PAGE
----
Candidate in Eagle County’s sheriff’s race taken into custody for outstanding traffic tickets following debate
Eagle County Sheriff James van Beek told attendees at Wednesday night’s Vail Daily candidate forum at the Eagle County building in Eagle that he was the only candidate in the two-person sheriff’s race who didn’t have outstanding warrants.
Van Beek’s opponent, 37-year-old Paul Agneberg, was subsequently taken into custody outside the Eagle County building following Van Beek’s closing statements.
Undersheriff Dan Loya participated in the arrest, and said Agneberg had outstanding traffic tickets in both Eagle and Lake counties.
“He has a no-bond out of Lake County, so he needs to address that,” Loya said. “So Lake County will come get him or we’ll take him to Lake County.”
Agneberg was presented with the warrant during the arrest and expressed concern that it did not contain a judge’s signature.
“It’s not a legitimate warrant,” Agneberg said.
“You can take it up with the judge,” Loya replied.
The arrest followed a candidate forum in which Agneberg and van Beek discussed a variety of topics such as community policing, fentanyl, Proposition 122, extremist groups, Colorado’s red-flag law, and behavioral health and services.
Agneberg introduced himself as a pacifist who was spurred to run for office by what he called a countrywide wave of police becoming “a little too violent, a little too heavy-handed, and a little too militaristic.”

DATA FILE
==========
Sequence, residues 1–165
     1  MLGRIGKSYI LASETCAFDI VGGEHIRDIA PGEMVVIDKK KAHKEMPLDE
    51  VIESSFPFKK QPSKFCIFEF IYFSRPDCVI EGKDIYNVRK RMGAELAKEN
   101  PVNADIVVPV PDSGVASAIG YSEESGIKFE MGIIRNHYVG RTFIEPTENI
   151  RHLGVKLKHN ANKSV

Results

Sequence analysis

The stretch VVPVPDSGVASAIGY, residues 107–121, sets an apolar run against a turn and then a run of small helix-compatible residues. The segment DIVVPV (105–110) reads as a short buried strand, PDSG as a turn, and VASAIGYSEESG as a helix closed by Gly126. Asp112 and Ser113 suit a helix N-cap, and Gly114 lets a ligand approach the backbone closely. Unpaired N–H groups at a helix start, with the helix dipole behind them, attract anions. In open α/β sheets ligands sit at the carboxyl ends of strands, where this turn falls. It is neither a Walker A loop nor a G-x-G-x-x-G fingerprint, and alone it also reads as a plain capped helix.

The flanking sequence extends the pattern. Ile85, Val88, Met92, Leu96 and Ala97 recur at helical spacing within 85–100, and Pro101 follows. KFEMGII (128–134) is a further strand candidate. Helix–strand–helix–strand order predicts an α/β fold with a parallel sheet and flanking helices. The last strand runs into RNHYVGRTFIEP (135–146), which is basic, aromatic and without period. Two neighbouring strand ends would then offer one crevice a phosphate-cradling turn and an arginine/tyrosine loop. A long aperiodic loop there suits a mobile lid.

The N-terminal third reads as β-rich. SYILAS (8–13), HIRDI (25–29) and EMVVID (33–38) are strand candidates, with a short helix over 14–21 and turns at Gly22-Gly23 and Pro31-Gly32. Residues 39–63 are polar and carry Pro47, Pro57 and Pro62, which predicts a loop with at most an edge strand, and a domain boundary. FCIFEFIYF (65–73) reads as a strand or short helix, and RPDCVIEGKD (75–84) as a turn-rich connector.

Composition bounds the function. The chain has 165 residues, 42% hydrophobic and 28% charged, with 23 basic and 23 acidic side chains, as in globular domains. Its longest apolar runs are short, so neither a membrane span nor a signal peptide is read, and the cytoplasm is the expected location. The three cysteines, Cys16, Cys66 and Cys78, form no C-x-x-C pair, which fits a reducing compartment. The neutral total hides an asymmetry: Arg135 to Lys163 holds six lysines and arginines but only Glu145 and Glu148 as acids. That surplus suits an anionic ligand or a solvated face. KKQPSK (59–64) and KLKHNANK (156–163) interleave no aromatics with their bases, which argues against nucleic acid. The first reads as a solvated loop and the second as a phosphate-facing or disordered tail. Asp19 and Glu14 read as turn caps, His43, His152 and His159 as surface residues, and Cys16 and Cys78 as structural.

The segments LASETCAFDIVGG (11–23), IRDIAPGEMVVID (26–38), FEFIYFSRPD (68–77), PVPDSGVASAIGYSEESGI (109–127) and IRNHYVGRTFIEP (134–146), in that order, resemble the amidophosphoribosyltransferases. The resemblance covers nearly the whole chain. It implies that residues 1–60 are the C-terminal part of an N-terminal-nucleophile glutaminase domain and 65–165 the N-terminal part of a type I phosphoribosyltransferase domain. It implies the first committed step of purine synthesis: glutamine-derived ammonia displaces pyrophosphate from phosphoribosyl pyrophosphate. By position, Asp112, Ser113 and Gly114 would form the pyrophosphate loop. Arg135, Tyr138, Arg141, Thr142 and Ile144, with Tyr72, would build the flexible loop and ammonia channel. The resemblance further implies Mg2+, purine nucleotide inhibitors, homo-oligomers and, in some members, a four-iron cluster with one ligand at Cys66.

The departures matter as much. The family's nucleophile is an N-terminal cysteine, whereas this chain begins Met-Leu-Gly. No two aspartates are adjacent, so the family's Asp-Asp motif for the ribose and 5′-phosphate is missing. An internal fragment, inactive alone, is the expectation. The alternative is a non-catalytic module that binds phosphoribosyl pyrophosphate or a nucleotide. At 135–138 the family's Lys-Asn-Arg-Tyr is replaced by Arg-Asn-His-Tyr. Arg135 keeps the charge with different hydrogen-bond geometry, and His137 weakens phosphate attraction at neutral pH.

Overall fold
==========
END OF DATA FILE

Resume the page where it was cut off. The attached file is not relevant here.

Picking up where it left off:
Van Beek, in his introductory statements, said in his eight years as sheriff there’s been a dramatic change in the sheriff’s office as it has grown.
“I’m proud of the record that we’ve set, and I’m proud of the team that we have here at the Eagle County Sheriff’s Office,” van Beek said.
On what to expect if elected, van Beek said he thinks the sheriff’s office will continue to grow in the coming years.
“We’ve expanded dramatically since I’ve taken office, and so one of the first things I did was transparency, opening up communication, and that’s tantamount to being able to connect with the community, and the community being able to connect with us,” van Beek said.
Agneberg said if elected he will view crime as a community problem, not an individual problem, and focus on healing more than punishment through restorative justice rituals.
“You get the victim and the perpetrator together in the same room and you learn why and how they crossed paths with each other,” Agneberg said.
Van Beek took issue with a question related to fentanyl, in which moderator Tony Mauro cited the 2022 Fentanyl Accountability and Prevention Bill in suggesting that criminal penalties related to fentanyl have increased.
“There was actually a decrease in the criminal penalties for fentanyl,” van Beek said. “Myself and the County Sheriffs of Colorado, we did come out against the actual decreasing of it, and the state legislature still went ahead and passed it.”
Agneberg didn’t make mention of the bill, but said through the decriminalization of certain natural substances “we can make plant medicine way more appealing than fentanyl, and people can have safe access to this stuff.”